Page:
Editorial: Growing Cebu’s cities

HOW do we measure a city’s success? Cebu’s newest cities—Bogo, Carcar and Naga—are in a good position to face this question squarely, before they have to bear the problems that older and larger cities now face, including floods and heavy traffic.

One measurement favored by some local officials is revenue, which tends to increase after a town becomes a city. In his State of the City Address last Monday, Mayor Valdemar Chiong reported that the City of Naga’s revenues grew by P414 million between 2007 and 2013.

Bogo and Carcar, which also became cities in 2007, can also report higher revenues since the change. From 2007 to 2012, Bogo’s revenues increased by P178 million, while those of Carcar grew by P215.5 million, according to the audit commission.

But sound financial statements aren’t the only measure of a city’s health. Mayor Chiong acknowledged as much, when he said that the City needs to create an Environmental Management Office to take charge of conservation, pollution prevention and the safety of the city’s water supply.

There is a need to rethink the way we assess our cities, and this assessment must incorporate how well each city works with surrounding communities in solving problems that respect no boundaries.

Consider public transportation. Imagine the opportunities and benefits that could be unleashed, if residents of Cebu’s far-flung towns had a more efficient means of reaching Metro’s Cebu’s workplaces and schools. This is something that Cebu’s cities and towns can make a united push for, as this is something no single community can solve on its own.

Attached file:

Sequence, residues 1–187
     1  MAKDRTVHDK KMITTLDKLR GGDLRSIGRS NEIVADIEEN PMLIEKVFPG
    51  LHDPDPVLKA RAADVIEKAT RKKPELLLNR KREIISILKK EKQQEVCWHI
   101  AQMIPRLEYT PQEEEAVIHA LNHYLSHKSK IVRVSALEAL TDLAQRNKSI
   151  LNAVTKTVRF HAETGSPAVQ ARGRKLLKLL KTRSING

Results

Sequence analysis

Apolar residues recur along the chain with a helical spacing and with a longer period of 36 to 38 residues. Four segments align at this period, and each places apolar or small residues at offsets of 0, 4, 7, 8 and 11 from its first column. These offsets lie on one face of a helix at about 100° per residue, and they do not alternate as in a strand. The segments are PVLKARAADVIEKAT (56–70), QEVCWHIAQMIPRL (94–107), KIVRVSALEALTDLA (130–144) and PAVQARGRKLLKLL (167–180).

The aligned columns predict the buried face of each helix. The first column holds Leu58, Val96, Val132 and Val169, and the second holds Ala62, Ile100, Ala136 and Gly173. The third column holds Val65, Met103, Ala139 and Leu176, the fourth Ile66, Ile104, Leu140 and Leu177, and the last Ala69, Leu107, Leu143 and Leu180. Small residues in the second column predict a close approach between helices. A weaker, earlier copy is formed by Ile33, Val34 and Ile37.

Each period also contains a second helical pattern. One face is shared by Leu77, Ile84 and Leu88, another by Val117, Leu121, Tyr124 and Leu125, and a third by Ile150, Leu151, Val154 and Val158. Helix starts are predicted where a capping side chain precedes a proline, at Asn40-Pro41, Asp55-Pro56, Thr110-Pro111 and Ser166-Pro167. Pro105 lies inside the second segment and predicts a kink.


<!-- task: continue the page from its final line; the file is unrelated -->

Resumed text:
The island’s smaller cities can learn what to do (and what not to do) from the challenges that now confront the older, busier cities of Cebu, Mandaue and Lapu-Lapu.

For example, deliberate growth boundaries, like greenbelts and mangrove forests, may not be popular. These may drive up the cost of housing, by limiting the amount of land that can be developed. But such planned zones have also been shown to save lives, such as by providing a buffer against tsunamis or storm surges.

While there’s still time, Cebu’s younger cities will need to plan for the challenges that growth will bring. Defining what a successful, sustainable city is would be a good place to start.


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